5. I just took mine down, no big deal to me.

      Delete
    6. I'm all for not spoiling the current puzzle, but if they've accidentally revealed a future puzzle, I've already ruined it apparently.

      Delete
    7. You've ruined it for the early risers, many of whom had figured it out. But not for all of (normal, late-sleeping) humanity. Your choice, of course.

      Delete
    8. I now see Will's comment below, so I guess San Juan is ruined, mostly by National PR.

      Delete
    9. Well, National NPR and Hurricane Maria.

      Delete
  3. I have two cities that work, but now I am curious about these two possible versions. My two cities fit the one published on the NPR web site. I did not hear the broadcast version.

    ReplyDelete
  4. The one I heard on the broadcast was a completely different puzzle.

    ReplyDelete
  5. For what it's worth, I have answers for both puzzles. Ho-hum!

    ReplyDelete
    Replies
    1. Fort Worth obviously doesn't work, but riches are riches, an F can easily be changed to a P, and some medicinal herbs, as well as some capital cities, get named for biblical figures.
      As usual, the website's list of on-air puzzle clues does not coincide exactly with what I heard.

      Delete
  6. Congrats to Joe Young for having another one of his puzzles used on the air. It's not the one published on the Puzzle's website.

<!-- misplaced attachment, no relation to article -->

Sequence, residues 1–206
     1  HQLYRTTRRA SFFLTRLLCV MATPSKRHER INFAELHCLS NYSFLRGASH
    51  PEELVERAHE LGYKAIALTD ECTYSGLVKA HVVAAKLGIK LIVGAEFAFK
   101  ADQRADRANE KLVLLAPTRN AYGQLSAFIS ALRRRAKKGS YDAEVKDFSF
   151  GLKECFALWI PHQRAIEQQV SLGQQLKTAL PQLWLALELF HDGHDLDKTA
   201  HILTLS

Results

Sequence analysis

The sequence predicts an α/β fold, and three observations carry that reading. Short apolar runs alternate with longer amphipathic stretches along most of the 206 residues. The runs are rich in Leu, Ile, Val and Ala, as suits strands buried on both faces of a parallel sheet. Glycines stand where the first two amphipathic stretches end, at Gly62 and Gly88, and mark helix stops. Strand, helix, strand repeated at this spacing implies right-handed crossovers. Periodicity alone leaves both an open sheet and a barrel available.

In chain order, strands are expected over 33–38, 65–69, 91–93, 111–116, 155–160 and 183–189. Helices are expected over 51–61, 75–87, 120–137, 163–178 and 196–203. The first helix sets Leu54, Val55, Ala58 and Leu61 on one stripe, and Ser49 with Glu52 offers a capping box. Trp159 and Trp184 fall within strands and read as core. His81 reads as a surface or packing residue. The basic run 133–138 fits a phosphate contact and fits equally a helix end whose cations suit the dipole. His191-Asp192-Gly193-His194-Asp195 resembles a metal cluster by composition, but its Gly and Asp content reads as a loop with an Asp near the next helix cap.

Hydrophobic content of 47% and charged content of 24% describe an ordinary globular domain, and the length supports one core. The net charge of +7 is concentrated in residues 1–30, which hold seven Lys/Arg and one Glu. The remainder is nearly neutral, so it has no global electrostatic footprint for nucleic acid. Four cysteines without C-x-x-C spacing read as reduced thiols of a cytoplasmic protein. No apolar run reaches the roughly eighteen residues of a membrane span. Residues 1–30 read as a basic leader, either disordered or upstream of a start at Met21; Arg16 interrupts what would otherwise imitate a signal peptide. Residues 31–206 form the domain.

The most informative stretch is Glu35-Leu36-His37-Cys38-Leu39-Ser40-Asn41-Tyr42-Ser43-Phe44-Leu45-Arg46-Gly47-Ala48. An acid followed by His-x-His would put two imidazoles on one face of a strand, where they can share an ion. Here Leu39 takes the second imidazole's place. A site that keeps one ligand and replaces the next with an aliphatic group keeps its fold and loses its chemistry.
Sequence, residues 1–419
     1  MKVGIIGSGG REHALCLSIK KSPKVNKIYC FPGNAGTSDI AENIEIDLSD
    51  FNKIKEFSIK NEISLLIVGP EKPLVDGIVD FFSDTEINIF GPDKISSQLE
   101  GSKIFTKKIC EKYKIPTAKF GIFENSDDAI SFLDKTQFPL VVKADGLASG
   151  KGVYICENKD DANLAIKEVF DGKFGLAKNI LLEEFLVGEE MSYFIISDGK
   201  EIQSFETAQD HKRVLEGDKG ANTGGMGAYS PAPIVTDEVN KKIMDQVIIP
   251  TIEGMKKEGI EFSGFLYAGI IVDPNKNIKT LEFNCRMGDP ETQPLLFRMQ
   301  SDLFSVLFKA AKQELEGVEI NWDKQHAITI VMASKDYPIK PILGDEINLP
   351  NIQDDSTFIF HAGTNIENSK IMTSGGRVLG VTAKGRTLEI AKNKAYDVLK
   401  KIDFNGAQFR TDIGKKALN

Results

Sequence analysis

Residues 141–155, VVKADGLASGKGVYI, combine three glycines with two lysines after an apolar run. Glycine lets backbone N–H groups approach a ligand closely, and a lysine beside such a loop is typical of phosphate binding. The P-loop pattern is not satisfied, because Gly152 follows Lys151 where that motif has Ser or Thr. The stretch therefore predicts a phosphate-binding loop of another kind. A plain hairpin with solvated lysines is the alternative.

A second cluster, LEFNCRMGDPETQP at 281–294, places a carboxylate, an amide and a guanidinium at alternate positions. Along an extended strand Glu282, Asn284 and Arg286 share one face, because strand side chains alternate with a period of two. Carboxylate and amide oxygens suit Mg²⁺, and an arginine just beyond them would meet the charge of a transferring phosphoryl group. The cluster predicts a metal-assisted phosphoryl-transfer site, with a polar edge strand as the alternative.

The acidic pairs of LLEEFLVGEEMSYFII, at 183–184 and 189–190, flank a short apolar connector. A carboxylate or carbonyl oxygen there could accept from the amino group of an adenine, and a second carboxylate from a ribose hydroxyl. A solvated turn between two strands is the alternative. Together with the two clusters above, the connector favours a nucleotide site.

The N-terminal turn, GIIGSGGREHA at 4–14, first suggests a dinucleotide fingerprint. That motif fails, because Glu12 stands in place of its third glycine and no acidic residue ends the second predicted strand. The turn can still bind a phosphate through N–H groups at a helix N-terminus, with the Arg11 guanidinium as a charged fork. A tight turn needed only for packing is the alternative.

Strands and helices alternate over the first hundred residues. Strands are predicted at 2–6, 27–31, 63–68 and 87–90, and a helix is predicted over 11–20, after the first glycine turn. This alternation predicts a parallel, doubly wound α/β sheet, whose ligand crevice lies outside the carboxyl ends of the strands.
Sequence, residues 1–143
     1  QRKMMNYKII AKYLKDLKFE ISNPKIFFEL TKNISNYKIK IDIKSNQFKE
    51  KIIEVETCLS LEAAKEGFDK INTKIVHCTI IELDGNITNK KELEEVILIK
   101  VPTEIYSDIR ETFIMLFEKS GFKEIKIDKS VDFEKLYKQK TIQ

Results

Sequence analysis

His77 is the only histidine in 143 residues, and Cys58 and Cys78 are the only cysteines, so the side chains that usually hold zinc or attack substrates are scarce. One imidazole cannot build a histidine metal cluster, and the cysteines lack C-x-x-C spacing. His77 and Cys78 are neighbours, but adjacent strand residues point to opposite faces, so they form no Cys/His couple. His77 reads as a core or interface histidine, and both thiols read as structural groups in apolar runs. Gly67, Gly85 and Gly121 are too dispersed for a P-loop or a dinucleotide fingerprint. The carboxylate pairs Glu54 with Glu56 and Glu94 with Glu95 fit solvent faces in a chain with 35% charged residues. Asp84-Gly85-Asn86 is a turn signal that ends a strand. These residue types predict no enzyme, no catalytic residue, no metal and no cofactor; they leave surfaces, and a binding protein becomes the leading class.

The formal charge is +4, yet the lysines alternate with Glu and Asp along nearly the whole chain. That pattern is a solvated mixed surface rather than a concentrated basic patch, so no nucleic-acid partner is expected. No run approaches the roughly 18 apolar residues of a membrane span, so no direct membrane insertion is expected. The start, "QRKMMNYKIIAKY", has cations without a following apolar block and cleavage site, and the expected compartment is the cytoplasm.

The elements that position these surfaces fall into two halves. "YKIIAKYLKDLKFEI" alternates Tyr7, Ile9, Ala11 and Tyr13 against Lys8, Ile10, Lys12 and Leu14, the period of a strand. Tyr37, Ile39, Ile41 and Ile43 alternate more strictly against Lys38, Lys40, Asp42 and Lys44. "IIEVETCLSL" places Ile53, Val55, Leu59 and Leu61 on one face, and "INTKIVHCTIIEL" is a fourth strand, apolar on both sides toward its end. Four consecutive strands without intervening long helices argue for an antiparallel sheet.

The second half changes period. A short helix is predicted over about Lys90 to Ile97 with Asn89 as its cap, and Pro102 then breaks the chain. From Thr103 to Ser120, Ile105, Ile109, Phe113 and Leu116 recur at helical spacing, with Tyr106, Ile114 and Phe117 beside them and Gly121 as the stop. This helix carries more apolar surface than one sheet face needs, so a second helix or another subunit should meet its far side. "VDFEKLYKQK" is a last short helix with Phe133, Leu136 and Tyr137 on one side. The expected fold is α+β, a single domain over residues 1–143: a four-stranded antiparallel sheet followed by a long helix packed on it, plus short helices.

ReplyDelete
  7. My 85yo aunt would never get the answer to the on-air puzzle. The 2 cities I found but for one the population falls short. What's going on with NPR?

    ReplyDelete
  8. So, national flubbed. Can somebody help?

    Good job, Mighty Joe Young.

    ReplyDelete
  9. I got the answer to Joe Young's puzzle as read on the air. I didn't bother with the one published on NPR's website.

    ReplyDelete
  10. I have an answer to the broadcast (not website) puzzle that I think works, but I bet isn't the intended answer. I won't tell you the route I took to get it, of course, but I won't be looking any further. I'll be glad to see the intended answer Thursday.

    ReplyDelete
    Replies
    1. Rob, based on your post, I seriously think I came up with the same alternate answer that you did.

      Delete
    2. Rob and Philly Cinephile,
      I am no cinephile, Philly or otherwise. I have not even seen the movie in which my intended-answer character appears! I have identified a handful of possible surnames that can be formed using my country/capital algorithm, and there are surely more. One of these may be the surname in your alternative answer. But I am not sufficiently familiar with movie characters to know any of these would lead to an alaternative answer that WS would accept, given the "character everyone knows" and "very popular movie" stipulations in my puzzle's text.